Just because you aren’t attending an interview in person doesn’t mean you can rock up on cam in your sweatpants and a vest, regardless of the temperature outside. The best advice is to dress as if you’re starting your first day with the company. So if the employees wear suits and formal wear, dress to match. If you’re interviewing with a startup, it will most likely be a lot less formal if not completely casual. If you have no one to ask about this, take a look at their website or social media for images of their team at work.
This has to be the best thing about doing a video interview, you get to practice it, record it and redo it until you’ve nailed it. The days of worrying about giving a bad interview are over.
This is what you want to focus on in your practice run:
- Check your profile name if you’re using a platform that you already have an account with such as Zoom. Maybe your online gaming or dating nickname isn’t appropriate for an interviewer to see straight off the bat.
- Roleplay an interview with a friend asking you random questions you haven’t prepared yourself (don’t worry, it’s not a polygraph test). What this will do is show you how you naturally react to questions you aren’t expecting, need to think about it or have to argue a point on the spot. You’ll then learn about physical and verbal props you might have a habit of leaning on in interview scenarios. Things like fidgeting with your hands, darting your eyes around or repeating things like “you know”, “like”, or “Ummm”. Now is the time to address these habits and consciously limit them in an interview situation.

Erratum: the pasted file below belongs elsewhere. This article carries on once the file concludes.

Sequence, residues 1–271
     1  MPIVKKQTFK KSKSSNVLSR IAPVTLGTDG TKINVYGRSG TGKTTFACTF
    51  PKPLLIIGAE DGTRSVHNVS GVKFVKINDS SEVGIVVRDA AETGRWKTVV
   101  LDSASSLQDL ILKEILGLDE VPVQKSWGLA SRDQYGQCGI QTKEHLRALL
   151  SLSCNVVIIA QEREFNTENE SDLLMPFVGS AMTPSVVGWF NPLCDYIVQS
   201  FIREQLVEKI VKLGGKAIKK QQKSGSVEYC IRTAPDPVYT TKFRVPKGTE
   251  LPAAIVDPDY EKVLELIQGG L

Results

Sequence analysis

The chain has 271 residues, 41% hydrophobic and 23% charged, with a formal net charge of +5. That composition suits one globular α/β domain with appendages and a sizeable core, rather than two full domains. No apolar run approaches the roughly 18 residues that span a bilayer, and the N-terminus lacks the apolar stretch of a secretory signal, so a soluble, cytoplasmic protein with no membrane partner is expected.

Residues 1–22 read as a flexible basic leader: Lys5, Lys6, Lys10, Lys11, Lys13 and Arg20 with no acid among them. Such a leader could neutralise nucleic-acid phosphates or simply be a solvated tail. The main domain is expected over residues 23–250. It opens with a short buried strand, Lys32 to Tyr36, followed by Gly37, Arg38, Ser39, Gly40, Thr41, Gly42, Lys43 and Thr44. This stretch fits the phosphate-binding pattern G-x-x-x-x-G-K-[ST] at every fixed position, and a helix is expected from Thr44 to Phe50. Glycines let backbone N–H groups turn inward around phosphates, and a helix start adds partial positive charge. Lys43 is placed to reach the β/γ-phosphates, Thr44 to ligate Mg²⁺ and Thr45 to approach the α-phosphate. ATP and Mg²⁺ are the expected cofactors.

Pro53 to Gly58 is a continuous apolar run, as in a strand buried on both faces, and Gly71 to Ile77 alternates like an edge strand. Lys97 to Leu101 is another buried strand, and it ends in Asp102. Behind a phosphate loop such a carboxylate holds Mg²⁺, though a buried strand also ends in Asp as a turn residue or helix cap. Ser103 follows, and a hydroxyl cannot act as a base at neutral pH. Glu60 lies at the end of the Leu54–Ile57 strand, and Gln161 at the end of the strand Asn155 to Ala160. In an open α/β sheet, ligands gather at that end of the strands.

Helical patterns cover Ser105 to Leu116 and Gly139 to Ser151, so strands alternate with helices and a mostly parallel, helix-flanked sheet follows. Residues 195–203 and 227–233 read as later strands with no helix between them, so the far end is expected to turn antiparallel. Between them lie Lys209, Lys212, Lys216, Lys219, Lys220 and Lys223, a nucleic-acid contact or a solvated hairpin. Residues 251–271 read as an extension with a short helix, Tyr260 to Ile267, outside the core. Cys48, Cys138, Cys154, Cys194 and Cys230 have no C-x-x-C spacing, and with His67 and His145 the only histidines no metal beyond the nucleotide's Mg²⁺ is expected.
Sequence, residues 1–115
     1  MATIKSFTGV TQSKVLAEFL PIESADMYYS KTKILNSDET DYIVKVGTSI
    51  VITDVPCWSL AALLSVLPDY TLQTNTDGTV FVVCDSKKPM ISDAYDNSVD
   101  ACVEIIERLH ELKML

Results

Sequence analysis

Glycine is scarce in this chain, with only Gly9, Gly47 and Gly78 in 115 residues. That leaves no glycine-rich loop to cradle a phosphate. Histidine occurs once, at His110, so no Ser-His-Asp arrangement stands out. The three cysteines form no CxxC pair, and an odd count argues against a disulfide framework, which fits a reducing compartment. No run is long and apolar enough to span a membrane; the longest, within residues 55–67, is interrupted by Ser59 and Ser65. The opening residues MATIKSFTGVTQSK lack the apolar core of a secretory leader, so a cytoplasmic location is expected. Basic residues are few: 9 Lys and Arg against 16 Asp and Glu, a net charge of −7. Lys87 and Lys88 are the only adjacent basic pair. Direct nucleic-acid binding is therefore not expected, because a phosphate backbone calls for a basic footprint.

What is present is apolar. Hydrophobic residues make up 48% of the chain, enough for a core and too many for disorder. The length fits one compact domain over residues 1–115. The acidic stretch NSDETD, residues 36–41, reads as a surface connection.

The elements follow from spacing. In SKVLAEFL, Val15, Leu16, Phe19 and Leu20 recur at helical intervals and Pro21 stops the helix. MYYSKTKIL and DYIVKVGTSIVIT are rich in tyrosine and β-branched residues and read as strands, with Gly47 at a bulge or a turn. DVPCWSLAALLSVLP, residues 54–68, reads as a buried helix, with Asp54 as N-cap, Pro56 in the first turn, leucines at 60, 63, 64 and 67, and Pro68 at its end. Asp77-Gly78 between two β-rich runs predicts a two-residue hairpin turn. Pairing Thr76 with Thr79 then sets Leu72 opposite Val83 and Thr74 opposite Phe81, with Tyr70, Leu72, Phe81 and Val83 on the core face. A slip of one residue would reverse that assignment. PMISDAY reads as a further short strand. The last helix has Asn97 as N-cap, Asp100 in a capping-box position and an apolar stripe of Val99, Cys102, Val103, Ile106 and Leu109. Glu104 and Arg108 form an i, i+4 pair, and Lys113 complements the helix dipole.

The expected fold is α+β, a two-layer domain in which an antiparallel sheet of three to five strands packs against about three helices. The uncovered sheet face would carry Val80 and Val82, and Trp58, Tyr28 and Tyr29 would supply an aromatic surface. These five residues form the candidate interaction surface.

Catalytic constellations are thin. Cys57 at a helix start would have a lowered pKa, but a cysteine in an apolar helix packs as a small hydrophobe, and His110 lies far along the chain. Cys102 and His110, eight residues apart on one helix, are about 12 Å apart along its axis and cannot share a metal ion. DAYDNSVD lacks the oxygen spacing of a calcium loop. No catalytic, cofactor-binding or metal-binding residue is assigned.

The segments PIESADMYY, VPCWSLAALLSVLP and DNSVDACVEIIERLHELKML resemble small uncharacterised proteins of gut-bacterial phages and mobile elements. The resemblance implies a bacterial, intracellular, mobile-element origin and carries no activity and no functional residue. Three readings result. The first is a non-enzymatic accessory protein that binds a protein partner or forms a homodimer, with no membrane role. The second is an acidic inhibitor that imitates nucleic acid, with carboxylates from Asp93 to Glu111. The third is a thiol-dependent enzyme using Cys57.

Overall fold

- If it helps with your confidence or ability to speak about past achievements, you can have your resume in front as a prop as well as any other kind of cue card that you think may help. If you’ve got specific experience that’s relevant for the job and you don’t want to forget it, stick it on a card below the camera so you can glance at it as a reminder. Make sure you don’t leave the interview regretting to mention something relevant or asking a key question.
- If a presentation forms part of the interview, you definitely want to be doing a trial run, making sure any slides display correctly and that you know the difference between ending a screen share and ending a video call! Remember that anything you present should supplement and enhance your presentation and not replace the need for speaking (don’t ask people to sit and read things).
- Be punctual. Make sure you arrive early for the interview, just as you would if you were visiting an employer’s offices. This means log onto the video call a few minutes beforehand. I once had a candidate who was unsure how to access a virtual interview (they had to “knock” to gain access) and the CEO was left waiting alone for 3 or 4 minutes so cancelled the interview and refused to reschedule it. I personally felt this was a tad harsh but you want to make sure you avoid being that candidate.
That’s all there is to it. As long as you’ve tested the tech, eliminated any distractions, and thought how you’ll appear on video the only thing left to do is learn about the company, the role itself and nail it.